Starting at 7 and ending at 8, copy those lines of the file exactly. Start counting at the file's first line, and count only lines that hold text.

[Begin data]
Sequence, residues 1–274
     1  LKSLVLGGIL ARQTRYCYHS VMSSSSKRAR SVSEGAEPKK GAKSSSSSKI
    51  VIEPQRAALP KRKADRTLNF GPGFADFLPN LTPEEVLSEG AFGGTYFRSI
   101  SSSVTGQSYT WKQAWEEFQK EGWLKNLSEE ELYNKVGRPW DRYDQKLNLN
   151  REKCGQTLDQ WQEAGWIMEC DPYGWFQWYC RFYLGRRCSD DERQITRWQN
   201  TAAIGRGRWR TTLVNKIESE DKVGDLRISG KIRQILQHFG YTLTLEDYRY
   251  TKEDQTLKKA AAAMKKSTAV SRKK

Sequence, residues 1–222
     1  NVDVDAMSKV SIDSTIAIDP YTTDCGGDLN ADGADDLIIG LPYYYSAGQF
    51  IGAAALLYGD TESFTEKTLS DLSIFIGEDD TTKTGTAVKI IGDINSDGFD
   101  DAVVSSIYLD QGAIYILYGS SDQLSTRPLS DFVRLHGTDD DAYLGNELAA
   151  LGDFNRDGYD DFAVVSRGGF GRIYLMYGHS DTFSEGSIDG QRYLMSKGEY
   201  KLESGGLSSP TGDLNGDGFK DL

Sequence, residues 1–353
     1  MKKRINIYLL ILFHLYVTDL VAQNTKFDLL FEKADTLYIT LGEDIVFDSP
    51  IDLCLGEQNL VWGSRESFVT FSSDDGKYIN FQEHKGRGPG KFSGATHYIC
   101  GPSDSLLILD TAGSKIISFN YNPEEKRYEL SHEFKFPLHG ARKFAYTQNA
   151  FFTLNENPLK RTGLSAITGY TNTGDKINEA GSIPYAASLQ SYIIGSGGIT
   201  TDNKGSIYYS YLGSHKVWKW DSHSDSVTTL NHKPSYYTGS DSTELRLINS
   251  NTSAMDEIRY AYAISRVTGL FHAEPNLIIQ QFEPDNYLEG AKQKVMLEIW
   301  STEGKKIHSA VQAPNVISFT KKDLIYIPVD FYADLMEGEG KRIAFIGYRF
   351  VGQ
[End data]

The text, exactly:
   251  TKEDQTLKKA AAAMKKSTAV SRKK

Sequence, residues 1–222